Sunday, October 30, 2011


Sensei and I spent most of Saturday at a pressure point seminar given by Will Higginbotham. This is the second time we've gone (he apparently does one in this area every year around Halloween), and as it was last year, it was really interesting. This year's seminar was a bit more focused than last year's, primarily because we had half-a-dozen police officers attending, and Sensei Higginbotham concentrated heavily on things they would find practical: control grips, come-alongs, ways to safely intervene in a third-party assault - that sort of thing. (Several wrist and finger-locks, Bill!}

I find pressure points fascinating, but they remind me of my father's description of neuroanatomy. You need a certain (large) amount of base knowledge to sink in before you can start putting things into a framework that makes sense. Right now these seminars feel like standing in a rainstorm with a teaspoon trying to collect the water. I come away with a few specific things that work (or not to do), and a broader fact or two, and try to remember them without having much of a knowledge structure to hang them on. I know the structure exists, but I haven't got it straight in my head yet, so things don't stick all that well. But each time, a little more makes sense, and I trust that one day, if I keep working on it, it will start fitting together sensibly.

It turned out to be a good thing that I was scheduled to conduct the choir instead of sing this Sunday, though, as I turned out to be the victim of choice when it was time to practice peeling off a guy who's trying to choke someone. So I got choked, with varying degrees of enthusiasm, by about eight people, several times each. My neck is still feeling it today, though not too badly.

The conducting went pretty well - especially for my first time ever. The choir was very kind to me, and paid excellent attention. If I'm going to do this again, I need to work on keeping my beat pattern while also giving cues, though. I know how to sketch time, and I know how to do entrances and cut-offs, but I tend to lose my pattern (though fortunately not my beat) when trying to combine the two. This might have something to do with it having been 23 years since my one semester of conducting class. (If you ever read this Constance, THANK YOU for being so stringent that most of what you taught has stuck. It saved my butt.) We're currently auditioning candidates for a new organist/choir director, and with any luck we should get one before Advent.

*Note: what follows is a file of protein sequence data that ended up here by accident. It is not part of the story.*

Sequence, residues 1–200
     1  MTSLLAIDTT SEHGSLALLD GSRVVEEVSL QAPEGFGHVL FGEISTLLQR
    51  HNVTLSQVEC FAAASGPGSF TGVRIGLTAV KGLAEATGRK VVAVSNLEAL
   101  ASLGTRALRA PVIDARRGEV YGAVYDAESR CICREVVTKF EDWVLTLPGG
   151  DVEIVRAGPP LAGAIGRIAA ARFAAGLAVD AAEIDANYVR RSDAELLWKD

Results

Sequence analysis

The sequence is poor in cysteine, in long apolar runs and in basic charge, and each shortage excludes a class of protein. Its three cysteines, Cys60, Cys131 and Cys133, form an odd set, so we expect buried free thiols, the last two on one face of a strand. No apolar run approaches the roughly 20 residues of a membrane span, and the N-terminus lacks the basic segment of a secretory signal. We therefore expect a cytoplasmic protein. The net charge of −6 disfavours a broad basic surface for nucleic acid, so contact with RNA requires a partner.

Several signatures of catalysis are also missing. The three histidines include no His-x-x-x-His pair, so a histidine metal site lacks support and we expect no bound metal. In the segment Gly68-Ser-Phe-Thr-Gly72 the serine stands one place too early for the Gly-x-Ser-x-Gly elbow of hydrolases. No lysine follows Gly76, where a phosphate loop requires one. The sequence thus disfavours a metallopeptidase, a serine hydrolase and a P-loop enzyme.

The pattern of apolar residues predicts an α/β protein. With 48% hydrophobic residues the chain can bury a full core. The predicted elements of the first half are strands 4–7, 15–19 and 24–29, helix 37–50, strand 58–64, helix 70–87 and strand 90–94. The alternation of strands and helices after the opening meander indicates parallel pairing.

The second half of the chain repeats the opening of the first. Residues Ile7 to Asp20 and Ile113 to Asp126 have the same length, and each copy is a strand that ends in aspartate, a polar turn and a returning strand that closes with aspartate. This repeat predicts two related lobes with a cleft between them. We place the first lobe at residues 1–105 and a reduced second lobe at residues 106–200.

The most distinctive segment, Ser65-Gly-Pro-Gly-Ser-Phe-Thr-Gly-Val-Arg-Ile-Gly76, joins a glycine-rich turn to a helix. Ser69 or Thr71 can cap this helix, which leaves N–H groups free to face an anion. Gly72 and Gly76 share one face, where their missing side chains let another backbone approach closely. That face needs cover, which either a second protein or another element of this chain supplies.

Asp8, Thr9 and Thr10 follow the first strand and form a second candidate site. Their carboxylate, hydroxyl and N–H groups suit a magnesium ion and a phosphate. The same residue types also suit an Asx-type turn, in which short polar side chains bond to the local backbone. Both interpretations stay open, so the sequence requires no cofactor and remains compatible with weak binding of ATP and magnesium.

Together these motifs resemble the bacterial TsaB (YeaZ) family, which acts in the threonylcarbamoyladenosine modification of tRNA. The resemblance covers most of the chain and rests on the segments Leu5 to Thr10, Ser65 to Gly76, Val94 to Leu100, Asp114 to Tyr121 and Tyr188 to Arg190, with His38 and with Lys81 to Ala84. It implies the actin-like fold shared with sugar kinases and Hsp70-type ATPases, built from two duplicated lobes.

I'm also supposed to be playing my first full church service on the 13th of November. This is our Kirkin' of the Tartans service, with bagpipes and drums, in addition to the organ. I'm nervous (it's a lot of music), but I think it's mostly in hand - except possibly for the bagpipe bit. The piper said something to our priest about organ music to play with the pipes, but hasn't provided any - and if she doesn't get it to me within the next 2-3 days, there's no way I'm playing it. My biggest failing as an organist at this point is the sheer amount of time it takes me to get new pieces under my fingers. E.g., I should play this service fine, but it's been two months of prep work to get here.

For tonight, I'm working on Halloween costumes. Sewing for Robbie's costume (Colonel Mustang from Full Metal Alchemist), and somewhat more engineering like stuff for Aaron's (the Xenomorph monster from Alien). My children don't believe in easy Halloween costumes. Actually, if they keep this up, I'm going to have to teach them how to sew, so they can do these themselves.


Ariel said...

Your analogy of standing out in the rain fits quite well with what I feel when we work on pressure points. I love when we spend time working on them in class. My instructors can just transition from pressure point to pressure point to joint lock like it's no big deal. Sometimes we do trial and error "I'll grab you, and you try to find something effective based on what you've seen and worked on tonight" When it's freestyle like that, I know a few that will work, but I'm clunky and spend too much time trying to figure out what will work. I wish I had a better knowledge base to draw on, but that takes time.

I'd love to see the finished Roy Mustang costume.

Felicia said...

A sensei from our sister school that I worked with for a few years was also a jujitsu instructor who always amazed me with is pressure point knowledge. I always felt just like you with that teaspoon when he started talking about "Gallbladder 13" and stuff.

But I feel you about it getting better the more you are exposed to it/get to fumble around with it. Reminds me of a Marvina Collins quote: "The thing you do the most will be the thing you do the best."

Have fun with it :-)